Beto Shwafaty
Gifts, Trades and Bargains – Cultural Diplomacy in the case of Brazilian Embassy at Palazzo Pamphilj

The starting point of this workshop is to draw attention to the prestigious Palazzo Pamphilj and its transformation into the official Brazilian embassy in Rome. Within this topic, the broader aim is to look at the political and economic entanglements of both pre and post-war modernist periods, the interdependencies of Brazil and Italy (within the general scope of colonial and modern relations) and the political and hegemonic interests of the States and their subsequent “smooth” actions that touch on the concepts of State Propaganda and Soft Power.

For that matter, we are going to dive into the historical and contextual episodes related to the recent stories of the monumental building, Palazzo Pamphilj, where the Brazilian embassy is currently located. Our initial focus is to analyse its relation to Brazil, in terms of becoming both part of the Brazilian “territory” (by its acquisition) ​and a symbol of the transformations in terms of foreign relations of the country (not just with Italy but more broadly with Europe and the international sphere). In light of this, we will try to look at the building as an embassy – a “device” that enables the emergence of diverse narratives and processes (mutual agreements, economic and cultural projects, public events, propaganda campaigns, etc.), taking into consideration the long and quite respected tradition of Brazilian diplomacy abroad and the close ties between Brasil and Italy, that goes back to the19th century, when the first Italians immigrated to Brasil to replace the workforce of slavery which was abolished in 1888, as well with the presence of historical figures in its local history (Garibaldi, Matarazzo among others). In short, we aim to explore how the identity of a foreign culture is in dialogue and, sometimes, is entangled with one of the biggest monuments of Italy and of the history of architecture at large. With this initial drive, we aim to collect and extract informational, historical and material elements with which we could work further on, elaborating and speculating ideas that could shed new light on the existing relations in that specific historical and spatial context.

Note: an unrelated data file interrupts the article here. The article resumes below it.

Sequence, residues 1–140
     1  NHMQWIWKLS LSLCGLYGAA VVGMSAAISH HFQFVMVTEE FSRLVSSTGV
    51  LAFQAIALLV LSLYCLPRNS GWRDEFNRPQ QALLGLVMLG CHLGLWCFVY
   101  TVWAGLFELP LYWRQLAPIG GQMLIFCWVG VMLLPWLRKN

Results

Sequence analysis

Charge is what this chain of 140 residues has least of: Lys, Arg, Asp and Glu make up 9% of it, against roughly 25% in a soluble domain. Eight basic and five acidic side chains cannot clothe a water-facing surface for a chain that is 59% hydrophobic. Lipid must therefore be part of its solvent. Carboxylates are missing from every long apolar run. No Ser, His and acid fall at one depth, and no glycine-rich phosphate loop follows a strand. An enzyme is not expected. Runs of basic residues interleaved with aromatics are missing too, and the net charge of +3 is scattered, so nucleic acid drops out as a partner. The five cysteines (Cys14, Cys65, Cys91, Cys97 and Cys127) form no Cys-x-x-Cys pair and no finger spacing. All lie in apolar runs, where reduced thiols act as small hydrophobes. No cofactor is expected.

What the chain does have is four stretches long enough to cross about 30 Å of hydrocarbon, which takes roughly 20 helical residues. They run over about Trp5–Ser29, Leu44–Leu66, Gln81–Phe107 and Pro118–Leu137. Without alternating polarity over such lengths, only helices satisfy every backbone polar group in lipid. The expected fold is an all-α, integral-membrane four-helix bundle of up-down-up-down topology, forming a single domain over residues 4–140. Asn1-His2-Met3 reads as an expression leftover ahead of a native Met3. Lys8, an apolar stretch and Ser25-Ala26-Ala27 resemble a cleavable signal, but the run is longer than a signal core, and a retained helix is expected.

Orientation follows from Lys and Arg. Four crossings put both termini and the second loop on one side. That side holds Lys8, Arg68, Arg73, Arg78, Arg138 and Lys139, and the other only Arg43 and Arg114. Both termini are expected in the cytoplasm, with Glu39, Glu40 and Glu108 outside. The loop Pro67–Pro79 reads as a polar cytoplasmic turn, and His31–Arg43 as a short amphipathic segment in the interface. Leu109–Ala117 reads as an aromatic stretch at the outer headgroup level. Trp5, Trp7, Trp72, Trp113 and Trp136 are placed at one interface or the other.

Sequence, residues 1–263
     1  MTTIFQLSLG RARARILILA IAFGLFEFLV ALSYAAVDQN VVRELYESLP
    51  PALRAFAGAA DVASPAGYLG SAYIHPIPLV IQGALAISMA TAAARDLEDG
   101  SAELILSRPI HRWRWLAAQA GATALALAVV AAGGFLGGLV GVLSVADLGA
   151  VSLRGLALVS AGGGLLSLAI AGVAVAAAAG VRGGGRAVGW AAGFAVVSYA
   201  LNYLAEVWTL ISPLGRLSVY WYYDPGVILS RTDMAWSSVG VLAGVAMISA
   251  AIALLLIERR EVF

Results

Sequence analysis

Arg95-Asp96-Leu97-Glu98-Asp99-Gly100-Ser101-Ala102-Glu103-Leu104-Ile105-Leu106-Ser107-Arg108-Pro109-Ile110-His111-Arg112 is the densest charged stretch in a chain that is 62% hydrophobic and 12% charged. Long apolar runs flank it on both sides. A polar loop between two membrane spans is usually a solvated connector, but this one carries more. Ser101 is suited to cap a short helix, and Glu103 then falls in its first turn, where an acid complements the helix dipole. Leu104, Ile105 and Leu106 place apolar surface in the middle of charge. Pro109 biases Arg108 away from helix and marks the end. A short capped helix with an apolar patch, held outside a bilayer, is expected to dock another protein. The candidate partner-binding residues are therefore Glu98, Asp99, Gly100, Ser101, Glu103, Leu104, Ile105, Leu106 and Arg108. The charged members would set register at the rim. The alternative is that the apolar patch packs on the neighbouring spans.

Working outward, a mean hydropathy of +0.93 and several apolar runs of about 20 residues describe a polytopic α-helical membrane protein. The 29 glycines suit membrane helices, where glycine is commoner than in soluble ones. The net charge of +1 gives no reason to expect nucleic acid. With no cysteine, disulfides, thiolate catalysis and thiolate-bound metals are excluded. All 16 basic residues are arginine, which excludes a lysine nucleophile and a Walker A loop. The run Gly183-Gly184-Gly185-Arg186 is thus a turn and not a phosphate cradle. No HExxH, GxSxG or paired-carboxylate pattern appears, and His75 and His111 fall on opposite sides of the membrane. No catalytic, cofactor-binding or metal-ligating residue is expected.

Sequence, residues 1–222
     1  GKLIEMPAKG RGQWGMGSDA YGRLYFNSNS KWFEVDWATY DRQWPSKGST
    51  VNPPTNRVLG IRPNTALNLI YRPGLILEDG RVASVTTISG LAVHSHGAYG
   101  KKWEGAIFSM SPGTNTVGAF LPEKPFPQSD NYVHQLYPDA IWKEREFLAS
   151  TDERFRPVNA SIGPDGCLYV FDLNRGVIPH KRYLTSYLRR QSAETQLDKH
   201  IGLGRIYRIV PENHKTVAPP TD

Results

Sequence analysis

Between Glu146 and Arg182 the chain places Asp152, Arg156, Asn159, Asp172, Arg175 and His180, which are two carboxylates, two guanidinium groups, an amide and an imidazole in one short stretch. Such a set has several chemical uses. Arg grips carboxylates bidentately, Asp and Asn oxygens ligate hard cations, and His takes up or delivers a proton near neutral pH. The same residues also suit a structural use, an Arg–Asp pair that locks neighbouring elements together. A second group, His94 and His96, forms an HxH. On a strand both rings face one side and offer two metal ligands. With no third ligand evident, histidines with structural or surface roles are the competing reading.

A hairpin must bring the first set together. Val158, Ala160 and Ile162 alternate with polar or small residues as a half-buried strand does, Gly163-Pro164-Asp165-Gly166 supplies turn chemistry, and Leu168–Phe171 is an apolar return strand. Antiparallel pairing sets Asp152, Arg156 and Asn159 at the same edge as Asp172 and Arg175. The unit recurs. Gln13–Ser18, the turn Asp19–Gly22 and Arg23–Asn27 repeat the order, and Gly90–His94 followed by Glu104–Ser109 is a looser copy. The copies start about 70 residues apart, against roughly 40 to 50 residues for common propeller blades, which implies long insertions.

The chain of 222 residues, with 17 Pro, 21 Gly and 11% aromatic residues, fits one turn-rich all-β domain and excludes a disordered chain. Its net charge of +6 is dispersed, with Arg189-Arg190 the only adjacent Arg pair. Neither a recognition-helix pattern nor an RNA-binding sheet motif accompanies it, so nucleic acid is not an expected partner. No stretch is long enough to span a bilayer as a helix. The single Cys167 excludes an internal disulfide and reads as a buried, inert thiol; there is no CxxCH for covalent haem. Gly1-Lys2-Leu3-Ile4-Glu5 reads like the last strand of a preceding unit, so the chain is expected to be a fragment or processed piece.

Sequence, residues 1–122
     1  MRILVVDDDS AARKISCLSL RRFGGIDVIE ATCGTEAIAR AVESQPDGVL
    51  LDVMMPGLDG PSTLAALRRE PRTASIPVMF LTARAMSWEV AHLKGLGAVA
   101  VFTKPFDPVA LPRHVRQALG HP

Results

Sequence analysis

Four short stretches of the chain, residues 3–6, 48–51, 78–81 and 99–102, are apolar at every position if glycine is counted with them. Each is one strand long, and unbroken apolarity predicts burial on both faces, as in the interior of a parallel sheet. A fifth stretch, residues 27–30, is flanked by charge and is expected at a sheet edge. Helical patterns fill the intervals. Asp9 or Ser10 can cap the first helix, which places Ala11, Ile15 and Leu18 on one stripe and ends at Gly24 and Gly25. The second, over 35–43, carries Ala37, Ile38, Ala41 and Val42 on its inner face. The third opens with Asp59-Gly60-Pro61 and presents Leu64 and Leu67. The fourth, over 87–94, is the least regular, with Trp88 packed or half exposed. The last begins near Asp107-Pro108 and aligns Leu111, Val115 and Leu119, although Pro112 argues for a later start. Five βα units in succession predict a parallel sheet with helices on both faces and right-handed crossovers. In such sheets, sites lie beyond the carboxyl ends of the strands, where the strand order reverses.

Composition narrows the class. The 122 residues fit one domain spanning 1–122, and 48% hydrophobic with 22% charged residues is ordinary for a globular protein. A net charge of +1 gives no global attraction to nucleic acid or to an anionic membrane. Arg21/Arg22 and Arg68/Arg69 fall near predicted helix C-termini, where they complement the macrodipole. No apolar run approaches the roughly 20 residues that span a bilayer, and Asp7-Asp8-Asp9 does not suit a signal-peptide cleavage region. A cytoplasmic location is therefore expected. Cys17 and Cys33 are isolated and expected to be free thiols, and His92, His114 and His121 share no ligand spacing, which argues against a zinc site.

The process proposed within this workshop is sharing artistic ways and methodologies of work, placed in the liminal space between “fieldwork, archival research, chance and curiosity”. We are going to explore archives (public and private) trying to find traces and evidence of past episodes and events, as well as their reception by the community and the consequent debate and controversies that they triggered. We are going to visit the building and observe aesthetics and materiality in contrast with the presence of elements or traces that could portray and be related to a  “tropical new country” (Brasil), to visualize mutual interests in the respective markets (in South America and Europe, having commodities as the main element). We will consider historical, economic and political contexts of diverse periods related to key events linked to the building. All this will further be reorganised, questioned and post-processed to enable hypothesis of work, proposals, speculations and reflections.

sara alberani